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«J’ai utilisé votre site pour la première fois et j‘ai vendu avec succès ma propriété. vous offrez un outill indispensable et un service remarquable pour vendre sa propriété. ... C'est GRATUIT très facile à utiliser, et contrairement à Kiiji qui est un site qui accepte tous les types d’annonces, votre siteest totalement spécialisé en immobilier. » Ann - Saint-Prime
Centris pallida serve numerous roles for the environment. Like most other bees, they are essential for pollination. Specifically, they pollinate cacti, desert willow, and palo verde.[14] The tunneling ability of these bees aerates the soil, and this allows water from rain to reach plant roots quickly. Their nitrogen rich feces fertilizes the soil.[15] Their stings are mild, so they are not dangerous. The only downside with respect to humans is that their burrowing can leave unsightly mounds. If an area has a large density of burrowing females, then these mounds can be quite noticeable and are difficult to get rid of.[14]
Desert birds and lizards are predators of C. pallida, and these bees can be parasitized by the meloid beetle (Tegrodera erosa); however, rain is the largest threat to these bees.[12] At night and during the heat of the day, C. pallida bees will hide under rocks, trees, in burrows, etc. When it rains, the bees can get wet. If the bee is in a burrow, it may simply drown. If the bee is underneath something, when night comes, the bee may freeze to death due to the low temperatures in the desert. Since these bees are solitary, they don’t have the protection of a hive or colony; thus, they are more susceptible to the elements.[11]
Centris pallida is a species of solitary bee native to North America. It lacks an accepted common name; however, it has been called the digger bee, the desert bee, and the pallid bee due to its actions, habitat, and color respectively. The solitary nature of this bee allows for a dual-strategy mating system which produces an evolutionarily stable state resistant to invading strategies. These bees have also evolved to withstand the high temperatures of their native habitat. C. pallida routinely has internal temperatures within 3 degrees Celsius of death.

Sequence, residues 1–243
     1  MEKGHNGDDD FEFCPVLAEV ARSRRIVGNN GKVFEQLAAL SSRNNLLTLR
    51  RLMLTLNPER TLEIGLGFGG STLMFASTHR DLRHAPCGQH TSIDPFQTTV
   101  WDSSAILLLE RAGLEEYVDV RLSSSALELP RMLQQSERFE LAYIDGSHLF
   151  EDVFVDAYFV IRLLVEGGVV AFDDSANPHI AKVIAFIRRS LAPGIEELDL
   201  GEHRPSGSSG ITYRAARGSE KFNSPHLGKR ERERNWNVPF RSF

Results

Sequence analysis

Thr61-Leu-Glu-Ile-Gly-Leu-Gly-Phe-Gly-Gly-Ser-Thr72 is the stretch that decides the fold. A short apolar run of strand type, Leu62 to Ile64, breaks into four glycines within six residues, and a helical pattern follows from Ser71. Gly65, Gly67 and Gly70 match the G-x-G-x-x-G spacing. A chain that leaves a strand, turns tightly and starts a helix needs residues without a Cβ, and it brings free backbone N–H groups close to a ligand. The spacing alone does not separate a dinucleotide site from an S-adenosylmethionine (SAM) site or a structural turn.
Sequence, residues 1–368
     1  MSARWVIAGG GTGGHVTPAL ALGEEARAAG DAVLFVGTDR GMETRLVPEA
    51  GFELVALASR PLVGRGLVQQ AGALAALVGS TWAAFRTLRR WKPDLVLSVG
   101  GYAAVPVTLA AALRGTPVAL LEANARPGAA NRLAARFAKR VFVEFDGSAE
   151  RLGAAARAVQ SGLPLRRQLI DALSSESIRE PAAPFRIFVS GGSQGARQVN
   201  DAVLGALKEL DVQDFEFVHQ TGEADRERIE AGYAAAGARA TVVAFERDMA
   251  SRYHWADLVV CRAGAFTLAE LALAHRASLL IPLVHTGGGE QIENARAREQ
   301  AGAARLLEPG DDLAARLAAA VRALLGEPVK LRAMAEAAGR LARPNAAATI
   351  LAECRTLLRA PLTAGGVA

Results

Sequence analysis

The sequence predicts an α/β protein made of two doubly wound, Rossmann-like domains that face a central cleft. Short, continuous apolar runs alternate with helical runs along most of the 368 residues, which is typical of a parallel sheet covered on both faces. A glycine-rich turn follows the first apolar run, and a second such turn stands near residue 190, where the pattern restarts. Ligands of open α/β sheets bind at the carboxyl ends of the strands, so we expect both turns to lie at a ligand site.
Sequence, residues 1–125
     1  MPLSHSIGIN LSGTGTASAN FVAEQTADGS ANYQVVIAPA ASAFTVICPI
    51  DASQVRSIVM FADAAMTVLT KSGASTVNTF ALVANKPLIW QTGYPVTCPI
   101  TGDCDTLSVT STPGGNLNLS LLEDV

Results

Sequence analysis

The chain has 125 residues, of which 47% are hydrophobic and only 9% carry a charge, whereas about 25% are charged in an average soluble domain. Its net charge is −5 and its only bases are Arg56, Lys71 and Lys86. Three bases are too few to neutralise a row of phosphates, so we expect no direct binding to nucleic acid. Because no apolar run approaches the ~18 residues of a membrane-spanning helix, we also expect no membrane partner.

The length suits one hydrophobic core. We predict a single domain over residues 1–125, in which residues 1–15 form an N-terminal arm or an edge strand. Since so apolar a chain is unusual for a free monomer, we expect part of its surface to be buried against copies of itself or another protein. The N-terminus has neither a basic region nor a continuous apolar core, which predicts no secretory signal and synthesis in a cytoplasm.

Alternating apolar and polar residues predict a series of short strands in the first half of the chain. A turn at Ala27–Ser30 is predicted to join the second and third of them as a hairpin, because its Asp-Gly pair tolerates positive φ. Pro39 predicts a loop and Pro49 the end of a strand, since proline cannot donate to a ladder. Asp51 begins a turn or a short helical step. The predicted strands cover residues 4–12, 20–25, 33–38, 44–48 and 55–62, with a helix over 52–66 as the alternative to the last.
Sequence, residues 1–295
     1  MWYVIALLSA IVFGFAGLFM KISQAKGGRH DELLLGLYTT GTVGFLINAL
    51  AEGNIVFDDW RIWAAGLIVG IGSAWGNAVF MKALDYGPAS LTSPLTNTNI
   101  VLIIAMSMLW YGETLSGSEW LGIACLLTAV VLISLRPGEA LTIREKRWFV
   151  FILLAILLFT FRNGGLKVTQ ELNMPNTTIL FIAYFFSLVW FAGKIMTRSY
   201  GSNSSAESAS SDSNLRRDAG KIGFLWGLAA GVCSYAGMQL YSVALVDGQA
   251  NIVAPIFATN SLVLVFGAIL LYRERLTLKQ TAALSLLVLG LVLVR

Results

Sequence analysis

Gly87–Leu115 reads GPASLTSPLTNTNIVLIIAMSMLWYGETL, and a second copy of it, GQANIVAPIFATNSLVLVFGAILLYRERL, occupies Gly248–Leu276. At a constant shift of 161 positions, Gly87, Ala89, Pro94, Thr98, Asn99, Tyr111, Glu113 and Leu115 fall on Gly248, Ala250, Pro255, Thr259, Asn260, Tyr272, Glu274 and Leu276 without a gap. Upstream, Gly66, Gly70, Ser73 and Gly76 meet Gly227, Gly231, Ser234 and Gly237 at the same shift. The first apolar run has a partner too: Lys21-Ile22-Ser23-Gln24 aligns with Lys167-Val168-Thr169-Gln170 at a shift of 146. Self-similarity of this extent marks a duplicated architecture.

Desert birds and lizards are predators of C. pallida, and these bees can be parasitized by the meloid beetle (Tegrodera erosa); however, rain is the largest threat to these bees.[12] At night and during the heat of the day, C. pallida bees will hide under rocks, trees, in burrows, etc. When it rains, the bees can get wet. If the bee is in a burrow, it may simply drown. If the bee is underneath something, when night comes, the bee may freeze to death due to the low temperatures in the desert. Since these bees are solitary, they don’t have the protection of a hive or colony; thus, they are more susceptible to the elements.[11]
L'unité de comparaison des prix de l'immobilier est généralement le prix au mètre carré (ou au pied carré, dans certains pays anglo-saxons). Pour les propriétés à revenus, on se sert de multiples du revenu et d'autres mesures reliées (taux d'actualisation). Enfin, des unités de comparaison fort variables sont aussi utilisées suivant le type de propriété (mètre cube, mètre de façade, prix à la chambre ou à l'appartement, etc.).
Les informations des propriétés sur ce site proviennent des inscriptions Royal LePage et du service de distribution de données de l'Association canadienne de l’immeuble (SDD). SDD mets en référence des inscriptions tenues par des agences immobilières autres que Royal LePage et ses distributeurs. L'exactitude de l'information n'est pas garantie et devrait être indépendamment vérifiée.
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